A nearly-final version of Windows 7 is making its world debut, giving people a chance to tell Microsoft what they love or hate about the new-generation operating system.
The release will be available at microsoft.com/downloads in a move intended to signal that the software giant is putting finishing touches on an operating system that it hopes will escape criticism heaped on its predecessor Vista.
"It appears that they are on target," said analyst Michael Cherry of private firm Directions on Microsoft, which specializes in tracking the US software giant.
"I think we need to be cautious though. Windows 7 is still in development. While Microsoft is certainly moving on to the next logical milestone, this is still a test version of the operating system."
Copies of the Windows 7 Release Candidate (RC) software were made available to developers last week and early reviews have praised the operating system for its stability and for avoiding problems that marred Vista's image.
"Listening to our partners and customers has been fundamental to the development of Windows 7," Microsoft senior vice president for Windows business Bill Veghte said in announcing the RC release.
"We heard them and worked hard to deliver the highest quality release candidate in the history of Windows."
Complaints about Vista included that it was not compatible with some software designed for the previous-generation Windows XP operating system and that it was too much for netbooks or older computers to handle.
Cherry is testing Windows 7 on netbooks, increasingly popular low-cost mobile computers designed essentially for accessing the Internet and running a few simple programs.
"That is one of the places where Vista didn't do a good job," Cherry said. "I think Microsoft has been very cautious with Windows 7."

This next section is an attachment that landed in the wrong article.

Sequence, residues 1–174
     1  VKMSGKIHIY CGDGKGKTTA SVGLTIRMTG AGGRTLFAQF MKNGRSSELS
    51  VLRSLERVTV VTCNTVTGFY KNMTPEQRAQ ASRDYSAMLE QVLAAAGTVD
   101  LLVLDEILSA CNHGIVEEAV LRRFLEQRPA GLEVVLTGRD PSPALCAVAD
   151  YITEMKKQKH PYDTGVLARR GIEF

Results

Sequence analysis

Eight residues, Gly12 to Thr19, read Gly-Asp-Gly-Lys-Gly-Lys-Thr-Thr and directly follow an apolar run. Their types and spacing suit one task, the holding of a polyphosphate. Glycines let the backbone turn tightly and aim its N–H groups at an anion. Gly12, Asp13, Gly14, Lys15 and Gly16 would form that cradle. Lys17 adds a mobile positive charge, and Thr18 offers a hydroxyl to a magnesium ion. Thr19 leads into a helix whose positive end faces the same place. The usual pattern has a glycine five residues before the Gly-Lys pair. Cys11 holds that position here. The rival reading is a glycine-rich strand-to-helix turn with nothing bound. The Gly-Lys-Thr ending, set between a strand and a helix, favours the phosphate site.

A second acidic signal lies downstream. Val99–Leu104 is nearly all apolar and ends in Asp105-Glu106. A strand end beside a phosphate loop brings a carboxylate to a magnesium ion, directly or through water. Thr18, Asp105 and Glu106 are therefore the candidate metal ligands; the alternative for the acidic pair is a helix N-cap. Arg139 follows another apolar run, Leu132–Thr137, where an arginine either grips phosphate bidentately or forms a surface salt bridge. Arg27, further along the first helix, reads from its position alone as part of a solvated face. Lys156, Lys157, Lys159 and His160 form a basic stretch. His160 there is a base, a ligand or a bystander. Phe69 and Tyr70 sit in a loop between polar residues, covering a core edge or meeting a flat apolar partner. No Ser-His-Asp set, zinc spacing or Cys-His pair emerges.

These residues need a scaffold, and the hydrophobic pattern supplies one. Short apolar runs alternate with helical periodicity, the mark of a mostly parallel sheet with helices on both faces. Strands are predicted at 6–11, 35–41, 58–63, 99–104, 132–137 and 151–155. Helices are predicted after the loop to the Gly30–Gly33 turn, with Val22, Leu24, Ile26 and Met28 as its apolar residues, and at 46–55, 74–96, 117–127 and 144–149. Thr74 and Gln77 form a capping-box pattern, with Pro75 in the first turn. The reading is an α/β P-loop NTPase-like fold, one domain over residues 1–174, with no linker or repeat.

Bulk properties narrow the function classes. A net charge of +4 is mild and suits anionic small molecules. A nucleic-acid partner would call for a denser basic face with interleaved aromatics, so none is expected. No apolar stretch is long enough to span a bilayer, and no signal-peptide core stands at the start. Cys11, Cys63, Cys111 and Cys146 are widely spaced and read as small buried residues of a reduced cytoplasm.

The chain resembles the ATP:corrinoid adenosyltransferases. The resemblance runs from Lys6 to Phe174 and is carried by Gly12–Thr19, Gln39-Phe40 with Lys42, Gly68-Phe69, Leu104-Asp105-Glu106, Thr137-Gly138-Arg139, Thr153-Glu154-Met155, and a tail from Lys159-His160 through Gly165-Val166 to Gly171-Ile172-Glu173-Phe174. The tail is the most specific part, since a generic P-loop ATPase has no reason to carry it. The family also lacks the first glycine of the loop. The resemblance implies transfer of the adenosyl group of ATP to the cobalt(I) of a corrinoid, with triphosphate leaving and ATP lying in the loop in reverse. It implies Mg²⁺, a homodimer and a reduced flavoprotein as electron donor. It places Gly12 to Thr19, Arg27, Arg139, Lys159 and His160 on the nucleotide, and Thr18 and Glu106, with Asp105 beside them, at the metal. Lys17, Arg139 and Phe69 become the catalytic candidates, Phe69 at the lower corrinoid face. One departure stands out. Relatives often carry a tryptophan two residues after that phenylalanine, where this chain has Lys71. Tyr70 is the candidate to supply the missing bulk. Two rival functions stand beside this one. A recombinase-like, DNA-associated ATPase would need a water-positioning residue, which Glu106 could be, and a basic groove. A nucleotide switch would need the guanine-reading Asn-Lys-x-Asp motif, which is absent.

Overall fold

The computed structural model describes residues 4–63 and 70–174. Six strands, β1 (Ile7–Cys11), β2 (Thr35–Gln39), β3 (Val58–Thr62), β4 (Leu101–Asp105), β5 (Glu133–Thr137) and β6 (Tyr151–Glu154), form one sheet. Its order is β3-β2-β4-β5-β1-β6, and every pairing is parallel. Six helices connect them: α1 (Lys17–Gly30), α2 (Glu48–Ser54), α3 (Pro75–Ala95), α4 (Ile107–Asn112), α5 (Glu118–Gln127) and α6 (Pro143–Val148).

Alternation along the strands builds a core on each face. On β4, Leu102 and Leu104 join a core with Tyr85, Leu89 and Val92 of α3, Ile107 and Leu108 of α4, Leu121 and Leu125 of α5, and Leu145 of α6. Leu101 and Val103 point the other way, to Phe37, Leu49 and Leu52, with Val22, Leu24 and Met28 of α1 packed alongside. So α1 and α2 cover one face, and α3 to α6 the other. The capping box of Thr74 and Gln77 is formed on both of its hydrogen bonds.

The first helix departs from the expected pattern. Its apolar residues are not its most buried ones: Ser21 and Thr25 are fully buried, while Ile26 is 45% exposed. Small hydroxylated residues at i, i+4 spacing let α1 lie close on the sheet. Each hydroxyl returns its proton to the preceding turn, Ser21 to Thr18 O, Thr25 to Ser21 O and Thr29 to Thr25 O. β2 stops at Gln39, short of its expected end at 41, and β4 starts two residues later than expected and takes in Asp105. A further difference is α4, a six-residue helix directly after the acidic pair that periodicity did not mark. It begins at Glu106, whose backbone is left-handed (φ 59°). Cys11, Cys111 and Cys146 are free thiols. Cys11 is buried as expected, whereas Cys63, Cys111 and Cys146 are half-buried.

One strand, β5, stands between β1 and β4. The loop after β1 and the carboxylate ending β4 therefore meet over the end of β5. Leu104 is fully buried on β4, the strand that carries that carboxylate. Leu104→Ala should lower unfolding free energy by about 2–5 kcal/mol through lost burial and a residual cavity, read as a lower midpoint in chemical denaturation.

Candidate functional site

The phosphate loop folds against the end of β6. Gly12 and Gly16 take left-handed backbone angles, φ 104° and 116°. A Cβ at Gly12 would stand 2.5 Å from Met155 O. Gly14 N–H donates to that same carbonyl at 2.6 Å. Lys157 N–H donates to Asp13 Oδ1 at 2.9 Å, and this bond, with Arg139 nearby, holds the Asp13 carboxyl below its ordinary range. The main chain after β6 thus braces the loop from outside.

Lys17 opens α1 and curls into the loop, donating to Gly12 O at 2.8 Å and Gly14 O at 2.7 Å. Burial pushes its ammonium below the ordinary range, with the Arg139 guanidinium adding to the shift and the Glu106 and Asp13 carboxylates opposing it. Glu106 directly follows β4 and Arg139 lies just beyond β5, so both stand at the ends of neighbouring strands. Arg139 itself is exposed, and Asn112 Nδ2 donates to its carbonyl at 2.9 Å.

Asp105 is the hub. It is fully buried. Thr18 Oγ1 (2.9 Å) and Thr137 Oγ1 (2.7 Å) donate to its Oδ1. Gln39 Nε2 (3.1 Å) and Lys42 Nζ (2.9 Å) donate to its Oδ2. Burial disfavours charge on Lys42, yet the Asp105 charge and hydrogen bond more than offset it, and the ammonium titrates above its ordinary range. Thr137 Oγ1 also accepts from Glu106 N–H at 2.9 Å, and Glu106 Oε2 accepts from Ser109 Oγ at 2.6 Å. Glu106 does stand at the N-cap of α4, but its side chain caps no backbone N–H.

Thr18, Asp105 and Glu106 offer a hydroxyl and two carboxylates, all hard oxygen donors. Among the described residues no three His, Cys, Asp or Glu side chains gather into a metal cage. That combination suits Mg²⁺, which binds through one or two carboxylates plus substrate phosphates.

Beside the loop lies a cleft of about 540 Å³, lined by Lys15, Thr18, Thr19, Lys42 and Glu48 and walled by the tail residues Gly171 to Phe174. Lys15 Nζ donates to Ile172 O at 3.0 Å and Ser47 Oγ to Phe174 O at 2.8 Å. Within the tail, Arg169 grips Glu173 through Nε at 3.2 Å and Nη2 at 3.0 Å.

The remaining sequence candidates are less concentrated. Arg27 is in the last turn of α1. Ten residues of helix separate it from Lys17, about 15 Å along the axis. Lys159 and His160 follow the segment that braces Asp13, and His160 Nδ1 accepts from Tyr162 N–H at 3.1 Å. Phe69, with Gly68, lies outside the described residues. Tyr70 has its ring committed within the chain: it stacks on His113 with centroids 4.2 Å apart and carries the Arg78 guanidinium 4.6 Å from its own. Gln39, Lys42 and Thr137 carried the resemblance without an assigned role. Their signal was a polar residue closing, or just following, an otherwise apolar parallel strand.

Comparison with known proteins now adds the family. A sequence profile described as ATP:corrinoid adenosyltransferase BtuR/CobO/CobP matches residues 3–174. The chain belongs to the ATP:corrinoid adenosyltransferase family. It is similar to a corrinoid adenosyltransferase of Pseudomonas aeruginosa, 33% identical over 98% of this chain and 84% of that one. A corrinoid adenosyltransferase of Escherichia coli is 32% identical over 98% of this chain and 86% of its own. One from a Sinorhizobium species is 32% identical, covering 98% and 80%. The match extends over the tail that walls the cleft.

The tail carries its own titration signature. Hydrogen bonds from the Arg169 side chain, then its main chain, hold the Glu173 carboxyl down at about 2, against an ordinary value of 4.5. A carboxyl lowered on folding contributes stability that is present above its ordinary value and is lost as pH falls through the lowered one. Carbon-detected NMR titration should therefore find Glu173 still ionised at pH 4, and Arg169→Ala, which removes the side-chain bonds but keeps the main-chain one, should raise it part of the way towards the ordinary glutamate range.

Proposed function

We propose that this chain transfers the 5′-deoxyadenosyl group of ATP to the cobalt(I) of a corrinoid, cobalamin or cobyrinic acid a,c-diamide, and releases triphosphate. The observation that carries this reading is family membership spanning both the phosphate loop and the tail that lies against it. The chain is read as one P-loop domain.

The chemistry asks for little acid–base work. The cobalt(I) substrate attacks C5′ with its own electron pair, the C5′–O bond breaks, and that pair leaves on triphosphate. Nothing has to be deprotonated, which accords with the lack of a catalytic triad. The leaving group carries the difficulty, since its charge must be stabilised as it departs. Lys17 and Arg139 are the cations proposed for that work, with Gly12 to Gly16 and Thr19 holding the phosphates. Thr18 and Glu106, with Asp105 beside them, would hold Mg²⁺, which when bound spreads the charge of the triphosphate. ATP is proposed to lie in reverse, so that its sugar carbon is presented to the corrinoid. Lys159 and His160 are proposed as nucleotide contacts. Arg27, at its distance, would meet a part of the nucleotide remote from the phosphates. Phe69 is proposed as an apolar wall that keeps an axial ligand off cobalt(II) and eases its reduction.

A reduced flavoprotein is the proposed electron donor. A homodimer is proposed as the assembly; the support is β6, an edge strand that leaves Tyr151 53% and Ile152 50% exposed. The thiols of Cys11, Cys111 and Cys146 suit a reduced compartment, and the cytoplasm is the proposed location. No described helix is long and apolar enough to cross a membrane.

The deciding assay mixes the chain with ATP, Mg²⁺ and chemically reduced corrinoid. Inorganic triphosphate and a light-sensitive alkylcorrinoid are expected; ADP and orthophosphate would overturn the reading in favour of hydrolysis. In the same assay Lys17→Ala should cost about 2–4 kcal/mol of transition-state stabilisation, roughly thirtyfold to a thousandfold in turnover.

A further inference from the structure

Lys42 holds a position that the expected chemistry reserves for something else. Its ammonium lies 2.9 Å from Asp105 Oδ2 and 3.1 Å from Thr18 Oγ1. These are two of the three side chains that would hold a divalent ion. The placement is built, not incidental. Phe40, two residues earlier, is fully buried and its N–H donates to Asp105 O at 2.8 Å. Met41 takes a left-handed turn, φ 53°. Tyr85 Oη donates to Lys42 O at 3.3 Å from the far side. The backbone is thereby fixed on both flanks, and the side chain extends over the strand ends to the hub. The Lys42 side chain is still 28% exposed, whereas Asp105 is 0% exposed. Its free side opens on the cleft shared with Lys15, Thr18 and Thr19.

The RC release indicates that little is likely to be changed in the final version of Windows 7 and that companies can begin tailoring software or hardware to the operating system, according to Microsoft.
Touted features include compatibility with touch-screen computer controls, faster video handling and being friendly to even light-weight hardware such as netbooks.
"Windows 7 is everything that Vista should have been," said analyst Rob Enderle of Enderle Group in Silicon Valley.
"It's less annoying and it's a fraction of the size. The only thing working against them is the economy; people without money aren't going to buy no matter how good the product."
Enthusiastic early reviews of Windows 7 are stoking speculation that Microsoft will release a final version of the new operating system in time for the year-end holiday shopping season.
"It makes sense that Microsoft should have it pre-Christmas," Cherry said of Windows 7.
"I think you need to keep in mind that if something comes up in testing they are going to take the delay and get it right. Microsoft doesn't need a problem on their hands."
Microsoft and some analysts have advised people to prepare for the Windows 7 release by upgrading to Vista instead of trying to leapfrog the maligned version of the operating system.
Cherry ignores such advice, saying he sees each new operating system as a chance to clean out his computer and start fresh.
He will back up his data, install Windows 7 on his computer and then transfer files a bit at a time, getting rid of files he hasn't opened for a while.
"I use it as a complete housekeeping move," Cherry said of installing a new operating system. "I will always do a fresh install; this way I know I am not bringing any baggage with me."
(c) 2009 AFP
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